Sexual Abuse ApologyKoffels
Sexual Abuse Apology and the 9 Positive Developments within the Legal System Since the Royal Commission into Institutional Responses to Child Sexual Abuse
- A national apology delivered to those who suffered abuse in institutions within Australia
- A collective social shift in the way institutional abuse has historically been viewed and dealt with
- Increased scrutiny on institution and recognition of past wrongs
- Increased funding for support services for survivors of abuse and for mental health services
- Introduction and strengthening of child protection legislation
- Removals of barriers to claim compensation
- For the first time, institutions have admitted their failings and paid survivors large sums of compensation, sometimes in the millions
- Investigation of historic abuse claims by police and subsequent arrests and convictions
- Accountability and targeted action – annual reports by Federal, State and Territory governments on their progress on the implementation of the recommendations of the Royal Commission
The Royal Commission into Institutional Responses to Child Sexual Abuse was established by the Australian Government in 2013 in response to revelations of historic sexual abuse occurring over decades and the inadequate response of the institutions involved. The national sexual abuse apology by the government may now help to heal some of the damage caused by this abuse.
The Royal Commission ran between 13 January 2013 and 15 December 2017 and had extensive powers to compel the giving and collection of evidence.
4041 phone calls were made to the commission. 25,964 letters were received. 8013 private sessions were held. 21 volumes of findings were published. 409 recommendations were made.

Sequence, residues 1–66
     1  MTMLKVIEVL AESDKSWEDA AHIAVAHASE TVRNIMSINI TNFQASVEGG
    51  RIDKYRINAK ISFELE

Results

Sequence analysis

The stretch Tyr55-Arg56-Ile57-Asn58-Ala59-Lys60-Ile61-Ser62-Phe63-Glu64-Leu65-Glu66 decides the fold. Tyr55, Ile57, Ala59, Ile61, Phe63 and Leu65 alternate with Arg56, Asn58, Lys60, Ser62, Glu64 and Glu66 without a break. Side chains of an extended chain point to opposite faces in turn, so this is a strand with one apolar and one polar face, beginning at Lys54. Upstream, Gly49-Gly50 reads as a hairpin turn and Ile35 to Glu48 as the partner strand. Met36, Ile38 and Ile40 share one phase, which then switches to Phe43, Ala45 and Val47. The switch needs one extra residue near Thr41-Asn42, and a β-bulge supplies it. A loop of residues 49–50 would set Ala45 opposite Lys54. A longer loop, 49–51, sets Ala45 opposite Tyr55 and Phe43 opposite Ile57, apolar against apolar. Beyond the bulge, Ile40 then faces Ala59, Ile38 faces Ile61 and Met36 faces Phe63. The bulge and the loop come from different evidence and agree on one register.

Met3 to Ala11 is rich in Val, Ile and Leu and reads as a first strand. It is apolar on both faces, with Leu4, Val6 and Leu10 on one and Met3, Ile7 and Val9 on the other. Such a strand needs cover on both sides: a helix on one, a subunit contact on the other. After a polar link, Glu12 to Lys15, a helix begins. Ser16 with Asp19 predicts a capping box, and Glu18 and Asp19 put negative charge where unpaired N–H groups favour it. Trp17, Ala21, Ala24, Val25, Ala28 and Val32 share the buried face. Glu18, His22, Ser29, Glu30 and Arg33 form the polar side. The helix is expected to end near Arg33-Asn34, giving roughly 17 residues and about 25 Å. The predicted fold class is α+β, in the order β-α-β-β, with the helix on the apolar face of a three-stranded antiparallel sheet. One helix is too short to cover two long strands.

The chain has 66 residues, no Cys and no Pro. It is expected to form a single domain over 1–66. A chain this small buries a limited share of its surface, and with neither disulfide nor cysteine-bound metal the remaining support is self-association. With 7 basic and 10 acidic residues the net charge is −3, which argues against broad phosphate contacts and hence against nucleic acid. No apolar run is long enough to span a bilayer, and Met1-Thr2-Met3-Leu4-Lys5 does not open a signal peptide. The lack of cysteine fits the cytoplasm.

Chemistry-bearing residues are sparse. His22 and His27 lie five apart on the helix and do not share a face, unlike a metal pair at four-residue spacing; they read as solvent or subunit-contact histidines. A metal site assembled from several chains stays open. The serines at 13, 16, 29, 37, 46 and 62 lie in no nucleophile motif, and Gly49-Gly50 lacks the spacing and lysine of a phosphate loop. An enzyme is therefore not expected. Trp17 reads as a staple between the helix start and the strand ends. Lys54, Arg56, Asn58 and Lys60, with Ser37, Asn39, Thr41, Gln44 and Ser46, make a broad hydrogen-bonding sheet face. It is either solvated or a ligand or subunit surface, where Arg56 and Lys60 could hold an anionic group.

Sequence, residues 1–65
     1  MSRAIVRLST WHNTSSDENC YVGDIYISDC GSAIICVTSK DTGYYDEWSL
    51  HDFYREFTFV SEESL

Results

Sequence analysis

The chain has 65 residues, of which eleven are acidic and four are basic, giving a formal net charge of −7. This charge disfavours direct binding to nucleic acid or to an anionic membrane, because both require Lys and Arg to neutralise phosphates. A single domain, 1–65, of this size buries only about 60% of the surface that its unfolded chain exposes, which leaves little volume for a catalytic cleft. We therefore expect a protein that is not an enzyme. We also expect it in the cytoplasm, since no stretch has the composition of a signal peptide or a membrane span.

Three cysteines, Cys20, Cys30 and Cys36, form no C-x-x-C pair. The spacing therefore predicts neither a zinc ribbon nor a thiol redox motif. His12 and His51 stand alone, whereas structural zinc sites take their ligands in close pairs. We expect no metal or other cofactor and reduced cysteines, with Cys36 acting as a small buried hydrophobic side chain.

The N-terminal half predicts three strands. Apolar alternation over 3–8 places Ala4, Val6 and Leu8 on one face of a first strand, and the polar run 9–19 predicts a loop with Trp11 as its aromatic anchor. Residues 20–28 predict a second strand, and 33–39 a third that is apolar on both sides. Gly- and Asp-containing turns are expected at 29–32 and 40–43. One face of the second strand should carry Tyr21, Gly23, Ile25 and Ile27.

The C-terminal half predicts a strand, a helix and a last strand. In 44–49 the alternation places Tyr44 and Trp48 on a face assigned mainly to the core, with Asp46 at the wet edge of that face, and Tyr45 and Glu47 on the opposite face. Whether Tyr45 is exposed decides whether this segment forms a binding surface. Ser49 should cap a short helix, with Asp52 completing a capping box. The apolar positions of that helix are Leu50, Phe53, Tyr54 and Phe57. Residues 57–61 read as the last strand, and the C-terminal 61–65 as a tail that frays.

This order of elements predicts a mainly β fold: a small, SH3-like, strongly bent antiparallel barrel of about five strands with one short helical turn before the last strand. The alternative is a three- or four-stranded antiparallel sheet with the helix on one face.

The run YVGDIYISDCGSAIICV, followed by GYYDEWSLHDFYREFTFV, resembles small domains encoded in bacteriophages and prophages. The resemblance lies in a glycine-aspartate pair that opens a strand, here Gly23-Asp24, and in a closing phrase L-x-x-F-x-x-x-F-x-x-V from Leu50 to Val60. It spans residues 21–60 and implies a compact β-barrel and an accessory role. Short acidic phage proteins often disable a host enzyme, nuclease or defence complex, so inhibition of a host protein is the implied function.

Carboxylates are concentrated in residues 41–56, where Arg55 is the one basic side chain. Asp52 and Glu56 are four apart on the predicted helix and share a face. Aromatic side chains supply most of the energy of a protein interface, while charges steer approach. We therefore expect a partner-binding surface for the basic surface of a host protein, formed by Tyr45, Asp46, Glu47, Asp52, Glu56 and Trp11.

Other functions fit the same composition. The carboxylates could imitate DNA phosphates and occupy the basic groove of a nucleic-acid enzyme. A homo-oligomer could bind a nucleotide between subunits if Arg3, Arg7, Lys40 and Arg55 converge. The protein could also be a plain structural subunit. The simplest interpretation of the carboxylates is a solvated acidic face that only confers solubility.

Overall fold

Previous commissions and fact finding reviews had previously been conducted by various State and Territory governments over the decades, but never with the amount of resources and breadth of authority given to the Royal Commission into Institutional Responses to Child Sexual Abuse. It was this resourcing and federal authority that enabled the Royal Commission to uncover the shocking extent of abuse that had historically occurred and the severe failings that occurred historically occurred in addressing this abuse in terms of the perpetrators of abuse, the institutions who they represented and the needs of survivors.
Since the delivery of the Commission’s final report, a number of positive developments have occurred that arguably, would not have occurred without the important work of the Royal Commission.
1. A National Apology to Those Who Suffered Abuse in Institutions Within Australia
On 22 October 2018, the Prime Minister of Australia, Scott Morrison, delivered an apology on behalf of the people of Australia to those who were subject to abuse in institutions. (Transcript can be found here: https://www.pm.gov.au/media/national-apology-address) This was a historic moment of recognition of the abhorrent abuse that occurred and the harm it caused to thousands of Australians.
Numerous institutions have also offered their own apologies to those who have been abused for the wrongs that were committed against them.
2. Collective Social Shift in the Way Abuse has Been Viewed and Dealt with and Opportunity for Survivors to Come Forward, Tell Their Stories and Be Believed
Of those who spoke to or provided information to the Royal Commission, it was found that it took an average of 22 years for a survivor to reveal their abuse.
Many survivors had believed at the time that they were the only one being abused. Many survivors discovered for the first time that they were not alone.
In many instances survivors did not tell anyone at the time as they did not think they would be believed. For some survivors who did tell people what was happening at the time of the abuse, this was exactly what occurred. They were not believed and in some instances, they were punished for daring to suggest such incidents had occurred.
Several examples of courageous individuals coming forward with their stories of abuse have led to not only a greater level of understanding about the extent of the problems in the past, but an increase in the number of people who have reported crimes and pursued action for past wrongs.
The Royal Commission website published 3593 publically available narratives from survivors sharing their stories to give them a voice and ensure their stories are heard. They can be found here: https://bit.ly/3oEUXEy
3. Increased Scrutiny on Institutions / Recognition of Past Wrongs
The Royal Commission put institutions and their conduct in the spotlight. For too long, institutions had failed to prevent, address and provide redress for the abuse that occurred under their watch.